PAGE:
Kefalonia Mayor Alexandros Parisis told Greek radio that the port at the town of Lixouri, the closest to the epicenter, had been seriously damaged and that minor injuries had been reported. He did not immediately have any further details.
The Athens Geodynamic Institute registered the pre-dawn quake, which struck just after 5 a.m. local time with a magnitude of 5.7 and an epicenter 12 kilometers (7.5 miles) northwest of the island's capital of Argostoli. The Athens institute had initially registered 5.9. The U.S. Geological Survey registered a 6.1-magnitude. It is common for institutes to register different figures and to revise their initial measurements.
Earthquakes have been rattling the island constantly for the past week, after a 5.9-magnitude temblor struck the area on Jan. 26. Since then, thousands of residents have been spending nights with relatives or in ships sent for that reason.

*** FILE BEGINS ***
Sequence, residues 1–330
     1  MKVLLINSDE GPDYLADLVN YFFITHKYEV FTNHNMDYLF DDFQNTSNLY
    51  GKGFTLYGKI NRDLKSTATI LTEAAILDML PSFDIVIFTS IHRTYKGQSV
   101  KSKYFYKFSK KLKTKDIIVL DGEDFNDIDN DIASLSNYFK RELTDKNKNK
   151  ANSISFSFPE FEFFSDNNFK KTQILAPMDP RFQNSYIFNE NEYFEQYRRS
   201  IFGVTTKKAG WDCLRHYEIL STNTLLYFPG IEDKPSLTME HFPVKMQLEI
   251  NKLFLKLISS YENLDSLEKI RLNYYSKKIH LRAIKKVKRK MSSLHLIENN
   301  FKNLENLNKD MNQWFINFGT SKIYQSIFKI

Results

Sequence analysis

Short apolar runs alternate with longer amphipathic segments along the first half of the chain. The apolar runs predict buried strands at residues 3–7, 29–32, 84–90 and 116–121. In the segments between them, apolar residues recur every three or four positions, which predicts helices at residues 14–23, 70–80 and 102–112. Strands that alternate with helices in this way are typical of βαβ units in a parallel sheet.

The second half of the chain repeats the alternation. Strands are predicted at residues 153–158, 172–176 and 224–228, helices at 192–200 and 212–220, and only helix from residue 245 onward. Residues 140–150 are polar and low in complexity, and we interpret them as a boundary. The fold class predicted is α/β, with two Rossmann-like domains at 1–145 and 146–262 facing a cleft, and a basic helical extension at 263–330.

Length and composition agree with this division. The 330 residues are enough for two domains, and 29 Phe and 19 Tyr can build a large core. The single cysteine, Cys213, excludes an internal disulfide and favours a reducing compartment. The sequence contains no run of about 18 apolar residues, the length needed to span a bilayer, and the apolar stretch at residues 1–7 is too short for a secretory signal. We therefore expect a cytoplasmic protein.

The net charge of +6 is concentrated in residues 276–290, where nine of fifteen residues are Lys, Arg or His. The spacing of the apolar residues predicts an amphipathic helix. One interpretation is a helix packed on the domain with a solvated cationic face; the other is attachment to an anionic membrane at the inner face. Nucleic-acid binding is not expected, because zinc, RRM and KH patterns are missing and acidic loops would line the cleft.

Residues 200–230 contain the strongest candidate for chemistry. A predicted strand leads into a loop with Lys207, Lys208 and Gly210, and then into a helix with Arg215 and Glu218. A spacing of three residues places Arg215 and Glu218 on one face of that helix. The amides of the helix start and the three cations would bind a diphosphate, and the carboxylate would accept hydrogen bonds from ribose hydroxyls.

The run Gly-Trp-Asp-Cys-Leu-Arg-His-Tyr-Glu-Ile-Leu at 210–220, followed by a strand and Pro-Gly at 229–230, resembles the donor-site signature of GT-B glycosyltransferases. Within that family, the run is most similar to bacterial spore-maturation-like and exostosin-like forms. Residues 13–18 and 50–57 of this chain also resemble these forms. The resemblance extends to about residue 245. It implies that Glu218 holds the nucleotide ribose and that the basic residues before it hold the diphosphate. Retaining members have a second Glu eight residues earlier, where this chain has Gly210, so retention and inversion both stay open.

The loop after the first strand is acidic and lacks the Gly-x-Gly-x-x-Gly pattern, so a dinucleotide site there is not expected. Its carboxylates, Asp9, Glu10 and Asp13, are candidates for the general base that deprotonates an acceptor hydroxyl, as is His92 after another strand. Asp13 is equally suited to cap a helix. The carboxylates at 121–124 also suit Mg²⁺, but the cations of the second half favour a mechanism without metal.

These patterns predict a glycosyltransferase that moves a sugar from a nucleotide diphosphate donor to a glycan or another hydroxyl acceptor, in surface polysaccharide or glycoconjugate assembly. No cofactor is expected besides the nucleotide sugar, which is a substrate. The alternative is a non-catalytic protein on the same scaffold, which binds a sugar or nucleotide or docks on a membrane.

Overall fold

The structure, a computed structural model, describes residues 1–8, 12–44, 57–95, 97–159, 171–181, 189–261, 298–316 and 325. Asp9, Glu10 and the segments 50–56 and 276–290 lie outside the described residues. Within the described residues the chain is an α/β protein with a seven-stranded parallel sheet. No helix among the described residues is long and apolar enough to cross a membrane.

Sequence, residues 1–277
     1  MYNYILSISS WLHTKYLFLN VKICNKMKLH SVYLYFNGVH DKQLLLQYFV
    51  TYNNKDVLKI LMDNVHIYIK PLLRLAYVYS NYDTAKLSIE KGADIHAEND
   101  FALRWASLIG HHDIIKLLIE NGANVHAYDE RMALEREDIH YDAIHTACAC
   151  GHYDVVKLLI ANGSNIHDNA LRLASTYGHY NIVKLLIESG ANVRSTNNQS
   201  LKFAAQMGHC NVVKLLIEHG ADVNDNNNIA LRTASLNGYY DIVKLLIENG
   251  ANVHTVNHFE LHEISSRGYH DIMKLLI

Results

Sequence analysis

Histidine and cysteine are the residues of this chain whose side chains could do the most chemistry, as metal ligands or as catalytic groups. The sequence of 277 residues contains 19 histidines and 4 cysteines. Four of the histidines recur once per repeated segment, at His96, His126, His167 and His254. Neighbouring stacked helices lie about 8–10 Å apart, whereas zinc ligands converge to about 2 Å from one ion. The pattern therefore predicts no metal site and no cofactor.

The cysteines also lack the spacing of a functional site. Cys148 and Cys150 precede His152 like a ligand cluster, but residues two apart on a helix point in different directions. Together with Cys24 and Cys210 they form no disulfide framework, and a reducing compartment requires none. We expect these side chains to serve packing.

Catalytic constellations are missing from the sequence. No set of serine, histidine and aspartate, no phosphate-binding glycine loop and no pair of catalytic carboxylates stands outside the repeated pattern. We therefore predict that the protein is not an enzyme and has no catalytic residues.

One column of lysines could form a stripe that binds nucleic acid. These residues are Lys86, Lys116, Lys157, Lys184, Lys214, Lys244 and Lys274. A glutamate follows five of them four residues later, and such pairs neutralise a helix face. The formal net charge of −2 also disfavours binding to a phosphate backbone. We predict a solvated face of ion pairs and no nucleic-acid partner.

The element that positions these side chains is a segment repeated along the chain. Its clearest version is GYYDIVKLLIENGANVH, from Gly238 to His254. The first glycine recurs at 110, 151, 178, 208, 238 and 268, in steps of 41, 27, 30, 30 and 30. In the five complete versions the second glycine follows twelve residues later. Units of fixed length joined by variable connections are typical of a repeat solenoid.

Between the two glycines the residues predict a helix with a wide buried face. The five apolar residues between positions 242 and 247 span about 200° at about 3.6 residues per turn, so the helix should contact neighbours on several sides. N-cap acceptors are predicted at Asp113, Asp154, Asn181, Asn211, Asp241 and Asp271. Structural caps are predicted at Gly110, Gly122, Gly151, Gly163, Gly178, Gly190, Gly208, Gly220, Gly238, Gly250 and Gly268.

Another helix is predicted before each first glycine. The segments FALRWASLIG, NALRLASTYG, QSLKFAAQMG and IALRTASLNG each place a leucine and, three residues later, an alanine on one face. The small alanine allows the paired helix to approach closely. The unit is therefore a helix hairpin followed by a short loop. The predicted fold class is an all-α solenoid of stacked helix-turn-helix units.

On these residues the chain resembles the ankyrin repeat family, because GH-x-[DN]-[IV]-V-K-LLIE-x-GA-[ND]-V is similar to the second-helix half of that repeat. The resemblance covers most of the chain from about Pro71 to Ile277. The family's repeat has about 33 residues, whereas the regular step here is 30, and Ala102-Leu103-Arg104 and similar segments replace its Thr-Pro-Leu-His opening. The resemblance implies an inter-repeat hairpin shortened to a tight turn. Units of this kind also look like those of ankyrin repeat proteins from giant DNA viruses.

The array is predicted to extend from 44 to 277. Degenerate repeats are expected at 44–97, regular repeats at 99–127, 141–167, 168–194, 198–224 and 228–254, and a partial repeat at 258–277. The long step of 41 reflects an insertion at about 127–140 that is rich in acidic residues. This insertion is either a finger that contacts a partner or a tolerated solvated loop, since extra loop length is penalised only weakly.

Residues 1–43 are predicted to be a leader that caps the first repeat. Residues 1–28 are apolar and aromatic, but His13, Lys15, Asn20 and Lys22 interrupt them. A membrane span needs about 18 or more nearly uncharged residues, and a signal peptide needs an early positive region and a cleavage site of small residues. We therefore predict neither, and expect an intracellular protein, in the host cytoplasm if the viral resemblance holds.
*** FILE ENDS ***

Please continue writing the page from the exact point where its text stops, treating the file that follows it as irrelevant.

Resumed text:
Monday's quake was felt on the nearby island of Zakinthos and parts of the western Greek mainland as well as in the Greek capital, Athens.
Kefalonia's mayor and seismologists urged people on the island to leave their houses temporarily. Parisis said he was trying to arrange a boat to head to Lixouri, but was being hampered by high winds in the area. Lixouri, which has been closest to the epicenter of the quakes over the last week, is far from the main town of Argostoli by road but close by sea.
Kefalonia and neighboring Zakinthos were devastated in 1953, when a 7.2-magnitude temblor struck three days after a 6.4 one, killing hundreds, injuring thousands and destroying nearly all the buildings on the islands.